The letter, signed by the chairmen of the Gascoyne and Pilbara development commissions and shire presidents of Upper Gascoyne, Carnarvon, Exmouth and Shark Bay, calls for the Northern Australia Infrastructure Facility Bill, now before the Senate, be amended to “respect and acknowledge WA’s north-west” by including the Gascoyne.

“The Tropic of Capricorn boundary creates unnecessary problems and complications in WA and seriously disadvantages the Gascoyne region,” the letter says.

Federal Labor MP Alannah MacTiernan, who is deputy chairwoman of the joint select committee on northern Australia, has proposed an amendment to the Bill to include all areas above the Tropic of Capricorn and Carnarvon and yesterday wrote to Premier Colin Barnett asking him to join the campaign.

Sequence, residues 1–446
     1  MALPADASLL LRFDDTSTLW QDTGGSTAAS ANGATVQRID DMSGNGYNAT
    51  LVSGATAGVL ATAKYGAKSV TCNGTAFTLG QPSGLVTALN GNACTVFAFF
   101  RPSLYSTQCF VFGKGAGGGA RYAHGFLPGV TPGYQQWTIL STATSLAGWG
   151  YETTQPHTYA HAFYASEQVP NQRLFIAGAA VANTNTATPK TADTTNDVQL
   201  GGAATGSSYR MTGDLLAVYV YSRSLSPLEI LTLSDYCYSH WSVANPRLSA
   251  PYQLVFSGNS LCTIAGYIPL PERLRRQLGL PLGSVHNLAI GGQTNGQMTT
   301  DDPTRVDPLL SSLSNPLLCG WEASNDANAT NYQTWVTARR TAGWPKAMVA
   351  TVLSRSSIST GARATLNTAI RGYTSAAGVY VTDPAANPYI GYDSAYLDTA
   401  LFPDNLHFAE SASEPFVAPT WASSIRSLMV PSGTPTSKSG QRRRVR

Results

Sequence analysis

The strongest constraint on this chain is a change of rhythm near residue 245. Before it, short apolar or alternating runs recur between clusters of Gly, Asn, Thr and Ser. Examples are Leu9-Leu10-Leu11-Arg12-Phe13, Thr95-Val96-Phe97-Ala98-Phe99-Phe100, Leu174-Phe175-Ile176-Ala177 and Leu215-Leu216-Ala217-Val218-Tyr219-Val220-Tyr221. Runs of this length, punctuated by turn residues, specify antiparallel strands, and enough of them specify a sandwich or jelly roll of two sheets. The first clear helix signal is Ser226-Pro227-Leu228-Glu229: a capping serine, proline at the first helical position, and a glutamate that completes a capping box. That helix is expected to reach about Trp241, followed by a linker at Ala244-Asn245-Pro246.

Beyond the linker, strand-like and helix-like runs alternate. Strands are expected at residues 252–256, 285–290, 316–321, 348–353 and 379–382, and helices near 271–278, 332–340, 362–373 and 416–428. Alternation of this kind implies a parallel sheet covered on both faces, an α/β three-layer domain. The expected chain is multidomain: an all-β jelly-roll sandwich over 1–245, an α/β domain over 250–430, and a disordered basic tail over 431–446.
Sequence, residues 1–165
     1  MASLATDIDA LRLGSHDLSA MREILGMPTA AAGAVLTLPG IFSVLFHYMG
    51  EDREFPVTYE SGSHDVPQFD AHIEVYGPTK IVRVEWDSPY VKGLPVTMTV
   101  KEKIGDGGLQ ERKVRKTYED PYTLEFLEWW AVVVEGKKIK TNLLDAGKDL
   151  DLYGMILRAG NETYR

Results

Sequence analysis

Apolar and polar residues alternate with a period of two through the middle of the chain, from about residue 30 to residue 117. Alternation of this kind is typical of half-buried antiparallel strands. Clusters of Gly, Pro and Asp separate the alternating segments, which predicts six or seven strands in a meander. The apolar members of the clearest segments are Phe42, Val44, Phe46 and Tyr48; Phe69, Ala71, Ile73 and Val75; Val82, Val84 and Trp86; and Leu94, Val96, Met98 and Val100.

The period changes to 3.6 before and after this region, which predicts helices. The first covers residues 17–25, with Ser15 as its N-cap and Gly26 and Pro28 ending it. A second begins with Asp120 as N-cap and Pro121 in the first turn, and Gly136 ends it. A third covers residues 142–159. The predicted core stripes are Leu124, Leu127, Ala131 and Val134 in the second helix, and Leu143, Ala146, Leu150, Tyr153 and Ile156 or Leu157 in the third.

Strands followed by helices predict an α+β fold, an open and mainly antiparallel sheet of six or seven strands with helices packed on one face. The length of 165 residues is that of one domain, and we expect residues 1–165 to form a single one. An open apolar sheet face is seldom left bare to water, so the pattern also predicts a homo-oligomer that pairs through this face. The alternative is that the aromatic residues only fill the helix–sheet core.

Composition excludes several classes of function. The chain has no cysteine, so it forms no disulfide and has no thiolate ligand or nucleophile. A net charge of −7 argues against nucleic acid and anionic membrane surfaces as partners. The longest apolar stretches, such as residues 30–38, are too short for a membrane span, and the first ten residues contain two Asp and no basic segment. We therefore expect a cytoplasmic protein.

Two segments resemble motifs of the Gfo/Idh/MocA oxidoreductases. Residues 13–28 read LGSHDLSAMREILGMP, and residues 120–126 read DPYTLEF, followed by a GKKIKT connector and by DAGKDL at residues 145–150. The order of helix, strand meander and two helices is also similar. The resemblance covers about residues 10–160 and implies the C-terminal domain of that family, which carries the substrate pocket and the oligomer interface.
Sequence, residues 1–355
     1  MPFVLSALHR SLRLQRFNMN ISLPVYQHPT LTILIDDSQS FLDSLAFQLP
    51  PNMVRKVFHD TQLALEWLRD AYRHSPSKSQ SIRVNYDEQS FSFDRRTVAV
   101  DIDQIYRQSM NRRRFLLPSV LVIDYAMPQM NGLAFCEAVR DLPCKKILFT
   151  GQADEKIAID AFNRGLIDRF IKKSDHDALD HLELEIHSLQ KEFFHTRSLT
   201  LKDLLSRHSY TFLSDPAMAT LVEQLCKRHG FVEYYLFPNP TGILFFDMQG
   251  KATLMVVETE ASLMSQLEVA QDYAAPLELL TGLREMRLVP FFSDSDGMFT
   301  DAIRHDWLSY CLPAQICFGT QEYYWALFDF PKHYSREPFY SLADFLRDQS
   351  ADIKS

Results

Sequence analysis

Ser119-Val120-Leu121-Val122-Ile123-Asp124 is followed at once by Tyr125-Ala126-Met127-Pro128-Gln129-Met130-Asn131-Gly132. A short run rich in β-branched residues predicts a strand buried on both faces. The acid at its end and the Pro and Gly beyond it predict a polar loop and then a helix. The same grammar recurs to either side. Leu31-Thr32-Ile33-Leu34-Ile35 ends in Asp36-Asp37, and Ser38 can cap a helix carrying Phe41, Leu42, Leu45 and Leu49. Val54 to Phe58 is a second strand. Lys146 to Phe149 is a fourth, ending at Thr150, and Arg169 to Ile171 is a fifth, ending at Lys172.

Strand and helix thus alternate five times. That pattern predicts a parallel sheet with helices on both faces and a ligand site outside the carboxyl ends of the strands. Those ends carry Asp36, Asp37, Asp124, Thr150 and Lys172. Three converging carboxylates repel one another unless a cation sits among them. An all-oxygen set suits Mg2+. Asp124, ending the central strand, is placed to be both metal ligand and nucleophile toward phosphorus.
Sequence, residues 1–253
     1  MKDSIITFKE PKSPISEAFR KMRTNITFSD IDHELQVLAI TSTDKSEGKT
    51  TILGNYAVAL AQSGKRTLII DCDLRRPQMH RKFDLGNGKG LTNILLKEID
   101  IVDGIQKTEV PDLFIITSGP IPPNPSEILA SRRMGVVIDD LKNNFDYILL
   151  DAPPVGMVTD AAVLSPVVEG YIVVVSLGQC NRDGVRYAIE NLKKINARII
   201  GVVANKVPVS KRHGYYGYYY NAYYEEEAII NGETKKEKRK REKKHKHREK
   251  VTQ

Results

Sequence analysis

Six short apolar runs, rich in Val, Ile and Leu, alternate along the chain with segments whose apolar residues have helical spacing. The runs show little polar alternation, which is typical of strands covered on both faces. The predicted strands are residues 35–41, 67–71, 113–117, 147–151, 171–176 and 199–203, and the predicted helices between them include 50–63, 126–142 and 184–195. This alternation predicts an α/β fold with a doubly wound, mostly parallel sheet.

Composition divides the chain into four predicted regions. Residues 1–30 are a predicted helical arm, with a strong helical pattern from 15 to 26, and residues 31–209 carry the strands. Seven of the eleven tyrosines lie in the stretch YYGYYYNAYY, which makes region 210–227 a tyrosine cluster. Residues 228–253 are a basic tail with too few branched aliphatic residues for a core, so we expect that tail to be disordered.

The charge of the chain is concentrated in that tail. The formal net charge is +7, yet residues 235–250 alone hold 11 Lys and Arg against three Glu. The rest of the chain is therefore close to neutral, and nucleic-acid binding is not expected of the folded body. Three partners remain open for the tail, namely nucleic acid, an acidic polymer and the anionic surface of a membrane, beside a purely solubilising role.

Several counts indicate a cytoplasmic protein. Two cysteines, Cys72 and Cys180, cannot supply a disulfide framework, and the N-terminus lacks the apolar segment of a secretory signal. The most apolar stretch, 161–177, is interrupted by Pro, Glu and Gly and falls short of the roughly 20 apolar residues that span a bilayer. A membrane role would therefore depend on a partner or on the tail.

“Given the financial advantage that is attached to being included as part of northern Australia, this is an outrageous economic gerrymander,” Ms MacTiernan said.

Carnarvon fruit and vegetable grower Michael Nixon said the new definition had the potential to set Carnarvon up for long-term failure.

Northern Australia Minister Josh Frydenberg said the Northern Australia Infrastructure Facility was great news for WA, with a “significant part of the State” in the running for concessional loans for infrastructure.

He said it was disappointing Ms MacTiernan had not previously raised the matters with him.

Courtesy of the West Australian


by 13 June 2016

18 April 2016
Daryl Manzie
Territory FM

DARYL MANZIE:                    Time to say good morning to Chief Minister Adam Giles. Good morning, Chief Minister.

ADAM GILES:                        Good morning Daryl, how are you?